Homemade baby food may have a higher vitamin and mineral content than commercial baby food if it is made from the very freshest foods and if it is served soon after preparation.A long shelf life and exposure to light may reduce the vitamin content of commercial baby food.

In the preparation of commercial baby food, care is taken to be certain the food is free of bacteria and other organisms that could make your baby sick.Homemade baby food is safe; too, if a high standard of cleanliness is used in its preparation.

If you decide to make your own baby food, the following method may be helpful.

Preparing Your Own Baby Food with a Blender or Food Processor

  1. Use the freshest and best foods available.Avoid canned foods that are high in salt and additives. Avoid using foods that have added sugar, spices, preservatives, or fat, and don’t add these ingredients yourself.
  2. Wash your hands carefully before you handle the food or equipment.
  3. Make sure all the cooking utensils, the cutting board, and the blender or food processor is very clean.You can do this by scrubbing all equipment with hot, soapy water and rinsing it well.
  4. Prepare the food for cooking by washing organic fruit and vegetables well and removing skins, pit, and seeds.Remove the fat, skin, and bones from meats.
  5. Cook the food by steaming or boiling in a very small amount of water in a covered pot.Cook until tender.
  6. Add a cup of the cooked food to the blender or processor and puree with just enough of the cooking liquid to allow the blades to spin.Add more cooking liquid or water if necessary.
  7. Some foods do not need to be cooked.Fresh peaches, pears, and bananas are examples.These may be processed by cutting the peeled fruits into chunks and then pureeing.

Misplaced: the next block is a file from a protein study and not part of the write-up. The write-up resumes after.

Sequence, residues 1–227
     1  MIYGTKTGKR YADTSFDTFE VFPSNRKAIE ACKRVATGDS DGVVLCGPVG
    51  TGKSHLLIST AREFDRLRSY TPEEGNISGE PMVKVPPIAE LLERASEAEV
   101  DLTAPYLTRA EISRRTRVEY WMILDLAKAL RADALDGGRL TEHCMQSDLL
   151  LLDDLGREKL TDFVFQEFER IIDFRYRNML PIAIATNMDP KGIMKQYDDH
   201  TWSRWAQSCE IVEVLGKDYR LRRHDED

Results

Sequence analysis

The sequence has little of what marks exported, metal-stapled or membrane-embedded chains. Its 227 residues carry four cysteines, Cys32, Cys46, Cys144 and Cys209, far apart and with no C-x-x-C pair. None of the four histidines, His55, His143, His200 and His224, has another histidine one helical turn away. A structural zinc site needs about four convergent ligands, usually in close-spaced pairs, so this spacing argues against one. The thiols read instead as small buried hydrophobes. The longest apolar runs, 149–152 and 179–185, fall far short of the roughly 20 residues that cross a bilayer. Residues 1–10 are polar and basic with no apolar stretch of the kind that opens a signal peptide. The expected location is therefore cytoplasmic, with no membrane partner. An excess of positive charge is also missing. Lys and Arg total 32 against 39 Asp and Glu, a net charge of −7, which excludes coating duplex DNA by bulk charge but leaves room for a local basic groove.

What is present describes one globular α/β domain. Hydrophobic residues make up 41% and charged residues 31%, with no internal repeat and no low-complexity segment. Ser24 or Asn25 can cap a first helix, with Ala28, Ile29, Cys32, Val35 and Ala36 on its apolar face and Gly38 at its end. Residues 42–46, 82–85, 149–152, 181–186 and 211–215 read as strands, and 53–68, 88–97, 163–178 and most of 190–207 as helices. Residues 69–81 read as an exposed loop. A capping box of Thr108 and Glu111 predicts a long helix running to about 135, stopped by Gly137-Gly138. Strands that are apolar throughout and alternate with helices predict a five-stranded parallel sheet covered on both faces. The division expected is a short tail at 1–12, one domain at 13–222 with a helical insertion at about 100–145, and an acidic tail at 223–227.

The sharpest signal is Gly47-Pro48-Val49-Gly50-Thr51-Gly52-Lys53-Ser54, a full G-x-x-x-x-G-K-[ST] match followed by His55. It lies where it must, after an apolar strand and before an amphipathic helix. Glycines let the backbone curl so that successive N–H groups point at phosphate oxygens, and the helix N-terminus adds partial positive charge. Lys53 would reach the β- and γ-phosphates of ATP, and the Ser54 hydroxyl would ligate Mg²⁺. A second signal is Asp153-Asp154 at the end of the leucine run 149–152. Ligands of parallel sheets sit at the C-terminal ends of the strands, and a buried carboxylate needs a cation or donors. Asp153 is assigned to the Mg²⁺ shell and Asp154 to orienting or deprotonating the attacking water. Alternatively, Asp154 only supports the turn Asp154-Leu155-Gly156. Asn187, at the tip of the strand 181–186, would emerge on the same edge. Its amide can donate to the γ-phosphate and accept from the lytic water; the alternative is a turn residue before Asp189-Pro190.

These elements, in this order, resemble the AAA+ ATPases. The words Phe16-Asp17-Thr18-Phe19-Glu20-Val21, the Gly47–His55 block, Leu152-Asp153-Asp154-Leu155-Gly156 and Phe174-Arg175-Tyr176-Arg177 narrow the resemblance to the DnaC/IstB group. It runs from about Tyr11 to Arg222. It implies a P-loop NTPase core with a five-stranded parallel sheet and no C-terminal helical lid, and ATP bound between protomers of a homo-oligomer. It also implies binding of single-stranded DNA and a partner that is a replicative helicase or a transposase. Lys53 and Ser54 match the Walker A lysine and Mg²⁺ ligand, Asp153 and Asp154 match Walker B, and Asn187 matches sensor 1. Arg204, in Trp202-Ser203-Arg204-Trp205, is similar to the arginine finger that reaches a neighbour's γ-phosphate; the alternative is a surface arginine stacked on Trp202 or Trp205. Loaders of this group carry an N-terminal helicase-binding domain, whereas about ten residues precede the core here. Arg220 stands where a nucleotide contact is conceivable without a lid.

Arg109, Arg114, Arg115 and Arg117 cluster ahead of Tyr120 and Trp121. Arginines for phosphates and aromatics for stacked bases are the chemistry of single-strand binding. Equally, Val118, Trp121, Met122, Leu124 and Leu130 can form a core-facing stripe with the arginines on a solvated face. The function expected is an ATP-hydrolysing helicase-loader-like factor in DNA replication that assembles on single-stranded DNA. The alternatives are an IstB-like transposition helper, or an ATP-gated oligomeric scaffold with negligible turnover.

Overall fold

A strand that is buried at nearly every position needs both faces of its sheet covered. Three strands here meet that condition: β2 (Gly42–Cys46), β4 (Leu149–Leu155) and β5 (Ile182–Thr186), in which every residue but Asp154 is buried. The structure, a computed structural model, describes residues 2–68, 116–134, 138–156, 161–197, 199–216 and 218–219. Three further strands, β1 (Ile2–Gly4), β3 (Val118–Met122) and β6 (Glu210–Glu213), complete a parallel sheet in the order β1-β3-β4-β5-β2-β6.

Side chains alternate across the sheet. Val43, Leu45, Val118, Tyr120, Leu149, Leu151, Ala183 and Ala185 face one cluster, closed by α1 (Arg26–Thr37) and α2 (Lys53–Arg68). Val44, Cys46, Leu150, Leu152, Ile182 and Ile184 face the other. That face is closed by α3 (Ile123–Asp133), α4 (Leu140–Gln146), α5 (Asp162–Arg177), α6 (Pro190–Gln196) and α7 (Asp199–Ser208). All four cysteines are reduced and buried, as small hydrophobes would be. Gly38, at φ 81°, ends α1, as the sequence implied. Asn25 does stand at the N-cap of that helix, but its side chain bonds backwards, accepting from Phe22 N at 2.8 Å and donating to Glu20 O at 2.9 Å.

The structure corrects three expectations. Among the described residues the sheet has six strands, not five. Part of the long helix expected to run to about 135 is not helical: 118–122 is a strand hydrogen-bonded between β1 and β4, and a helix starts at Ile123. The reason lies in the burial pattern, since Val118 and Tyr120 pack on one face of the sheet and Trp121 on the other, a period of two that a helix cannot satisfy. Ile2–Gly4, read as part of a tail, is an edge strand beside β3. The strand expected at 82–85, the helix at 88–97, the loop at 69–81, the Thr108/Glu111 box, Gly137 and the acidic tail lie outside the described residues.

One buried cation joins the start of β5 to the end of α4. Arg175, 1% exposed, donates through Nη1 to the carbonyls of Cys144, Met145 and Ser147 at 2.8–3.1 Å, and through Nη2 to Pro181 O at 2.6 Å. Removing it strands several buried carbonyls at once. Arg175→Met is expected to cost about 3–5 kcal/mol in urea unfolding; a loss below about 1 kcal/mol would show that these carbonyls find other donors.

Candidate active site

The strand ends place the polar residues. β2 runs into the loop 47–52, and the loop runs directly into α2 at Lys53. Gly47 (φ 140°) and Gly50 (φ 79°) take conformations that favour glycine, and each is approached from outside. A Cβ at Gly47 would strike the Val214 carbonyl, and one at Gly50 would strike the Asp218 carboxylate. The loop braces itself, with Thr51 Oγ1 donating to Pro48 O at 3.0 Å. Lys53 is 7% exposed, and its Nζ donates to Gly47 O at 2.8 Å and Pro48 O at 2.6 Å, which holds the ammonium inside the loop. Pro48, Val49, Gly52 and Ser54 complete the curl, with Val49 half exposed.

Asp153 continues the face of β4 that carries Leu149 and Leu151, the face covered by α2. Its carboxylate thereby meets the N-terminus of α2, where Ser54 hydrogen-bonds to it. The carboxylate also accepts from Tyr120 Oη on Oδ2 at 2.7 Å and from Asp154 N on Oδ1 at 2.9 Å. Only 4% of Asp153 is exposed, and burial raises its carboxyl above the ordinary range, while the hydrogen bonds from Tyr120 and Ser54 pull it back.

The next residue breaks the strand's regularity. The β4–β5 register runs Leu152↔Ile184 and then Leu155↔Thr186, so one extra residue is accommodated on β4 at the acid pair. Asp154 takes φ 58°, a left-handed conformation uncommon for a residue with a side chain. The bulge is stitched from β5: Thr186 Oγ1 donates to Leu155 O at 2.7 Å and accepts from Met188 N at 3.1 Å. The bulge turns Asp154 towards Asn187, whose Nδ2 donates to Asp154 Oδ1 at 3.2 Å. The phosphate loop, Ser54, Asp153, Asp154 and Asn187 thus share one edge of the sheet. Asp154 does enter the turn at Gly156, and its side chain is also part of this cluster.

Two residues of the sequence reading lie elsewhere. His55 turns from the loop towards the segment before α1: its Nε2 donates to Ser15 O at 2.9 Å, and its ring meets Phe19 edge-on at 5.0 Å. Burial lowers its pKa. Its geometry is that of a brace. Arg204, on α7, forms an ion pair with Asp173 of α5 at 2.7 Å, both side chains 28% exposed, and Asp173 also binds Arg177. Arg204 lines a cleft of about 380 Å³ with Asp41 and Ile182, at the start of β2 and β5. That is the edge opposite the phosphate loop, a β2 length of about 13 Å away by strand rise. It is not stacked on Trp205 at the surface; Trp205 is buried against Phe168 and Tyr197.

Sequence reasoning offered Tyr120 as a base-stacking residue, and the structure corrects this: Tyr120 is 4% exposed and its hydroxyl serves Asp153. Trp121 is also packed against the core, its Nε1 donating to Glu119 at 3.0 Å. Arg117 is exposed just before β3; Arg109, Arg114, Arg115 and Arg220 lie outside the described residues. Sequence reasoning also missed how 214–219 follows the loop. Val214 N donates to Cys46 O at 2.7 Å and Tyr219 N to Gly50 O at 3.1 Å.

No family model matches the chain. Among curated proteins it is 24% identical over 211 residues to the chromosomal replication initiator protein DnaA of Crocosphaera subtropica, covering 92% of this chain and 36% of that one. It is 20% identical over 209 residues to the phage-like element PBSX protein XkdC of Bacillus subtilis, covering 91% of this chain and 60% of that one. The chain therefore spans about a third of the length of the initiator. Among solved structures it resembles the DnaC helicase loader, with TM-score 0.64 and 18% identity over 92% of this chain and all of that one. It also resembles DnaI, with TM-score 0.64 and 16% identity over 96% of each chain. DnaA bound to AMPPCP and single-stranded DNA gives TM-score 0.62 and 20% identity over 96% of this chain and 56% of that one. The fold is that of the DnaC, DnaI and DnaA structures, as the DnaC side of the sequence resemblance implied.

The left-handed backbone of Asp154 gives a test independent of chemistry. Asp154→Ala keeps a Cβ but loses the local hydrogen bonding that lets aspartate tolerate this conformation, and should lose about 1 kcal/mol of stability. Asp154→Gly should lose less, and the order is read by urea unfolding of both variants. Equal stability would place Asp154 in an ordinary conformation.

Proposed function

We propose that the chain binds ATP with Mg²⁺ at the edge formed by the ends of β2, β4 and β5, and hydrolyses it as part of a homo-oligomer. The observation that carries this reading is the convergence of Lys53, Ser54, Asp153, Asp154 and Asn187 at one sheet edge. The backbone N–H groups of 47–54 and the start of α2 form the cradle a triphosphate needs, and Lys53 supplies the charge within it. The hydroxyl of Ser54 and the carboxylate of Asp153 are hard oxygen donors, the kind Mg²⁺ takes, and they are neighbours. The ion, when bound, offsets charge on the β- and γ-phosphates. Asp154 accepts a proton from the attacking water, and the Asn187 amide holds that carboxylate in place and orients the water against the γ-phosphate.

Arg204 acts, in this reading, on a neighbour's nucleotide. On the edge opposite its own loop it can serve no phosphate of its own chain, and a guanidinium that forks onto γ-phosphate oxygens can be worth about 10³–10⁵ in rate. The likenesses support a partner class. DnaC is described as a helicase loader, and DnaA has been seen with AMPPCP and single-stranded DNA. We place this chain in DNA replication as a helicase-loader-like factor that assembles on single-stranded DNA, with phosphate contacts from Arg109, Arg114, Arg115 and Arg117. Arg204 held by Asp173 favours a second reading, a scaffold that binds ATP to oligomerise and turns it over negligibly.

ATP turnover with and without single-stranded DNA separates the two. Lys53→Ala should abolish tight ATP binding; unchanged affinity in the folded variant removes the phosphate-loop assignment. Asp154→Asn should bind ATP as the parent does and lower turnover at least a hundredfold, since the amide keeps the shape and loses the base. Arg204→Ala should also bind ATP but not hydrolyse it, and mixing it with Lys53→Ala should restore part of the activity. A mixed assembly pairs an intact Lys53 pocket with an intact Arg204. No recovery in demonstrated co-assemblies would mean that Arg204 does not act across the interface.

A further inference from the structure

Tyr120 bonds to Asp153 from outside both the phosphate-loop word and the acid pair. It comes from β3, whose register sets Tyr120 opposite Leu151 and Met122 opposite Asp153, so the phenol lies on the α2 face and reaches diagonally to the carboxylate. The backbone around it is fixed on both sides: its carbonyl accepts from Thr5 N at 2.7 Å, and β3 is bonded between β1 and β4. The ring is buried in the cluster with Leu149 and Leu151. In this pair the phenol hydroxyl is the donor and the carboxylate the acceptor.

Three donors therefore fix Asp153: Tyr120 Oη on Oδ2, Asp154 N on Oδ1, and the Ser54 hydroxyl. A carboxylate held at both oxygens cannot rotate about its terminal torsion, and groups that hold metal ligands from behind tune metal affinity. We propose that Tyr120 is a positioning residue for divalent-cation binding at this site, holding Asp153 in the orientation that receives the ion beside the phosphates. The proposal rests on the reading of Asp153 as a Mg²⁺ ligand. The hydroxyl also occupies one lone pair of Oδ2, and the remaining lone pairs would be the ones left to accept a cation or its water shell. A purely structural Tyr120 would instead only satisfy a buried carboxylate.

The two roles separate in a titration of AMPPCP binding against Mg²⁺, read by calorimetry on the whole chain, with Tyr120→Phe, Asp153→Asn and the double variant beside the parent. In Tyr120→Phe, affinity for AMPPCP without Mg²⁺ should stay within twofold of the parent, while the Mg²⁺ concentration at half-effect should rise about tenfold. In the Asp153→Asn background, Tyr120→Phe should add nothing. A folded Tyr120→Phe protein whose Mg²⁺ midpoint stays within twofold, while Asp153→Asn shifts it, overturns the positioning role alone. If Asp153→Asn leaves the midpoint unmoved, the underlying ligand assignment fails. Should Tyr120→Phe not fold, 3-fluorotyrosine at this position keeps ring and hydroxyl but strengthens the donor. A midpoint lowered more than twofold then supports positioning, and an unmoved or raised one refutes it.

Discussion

8. The pureed food may be served right away.The remainder should be stored carefully for later use.
  9. To store the pureed food, place serving size portions in an ice-cube tray, a paper cupcake liner, or a glass dish or on a piece of plastic wrap and freeze.Two tablespoons is an arbitrary serving size.Make the servings larger or smaller depending on what your baby eats.
  10. To serve stored food, reheat the individual portions.Microwave ovens can be dangerous since they may create hotspots in the cooked food, which can burn your baby’s mouth.Be sure to cool the food to a safe temperature before feeding.

Once your baby no longer requires purred food, a baby food grinder is a convenient way to make baby food right at the table.The grinder should be very clean, and the food used in the grinder should be very fresh, unsalted, and without spices, fat, or skins.Place the right portion in the grinder, adding water or cooking water as needed to get the right consistency.You will discover that as your baby grows older, she prefers foods from your table since she wants to eat the same foods she sees you eating.

Once you've got the process down, you can even make these to give as baby gifts to your friends or family when they've had a baby. It's the ultimate gift that keeps giving.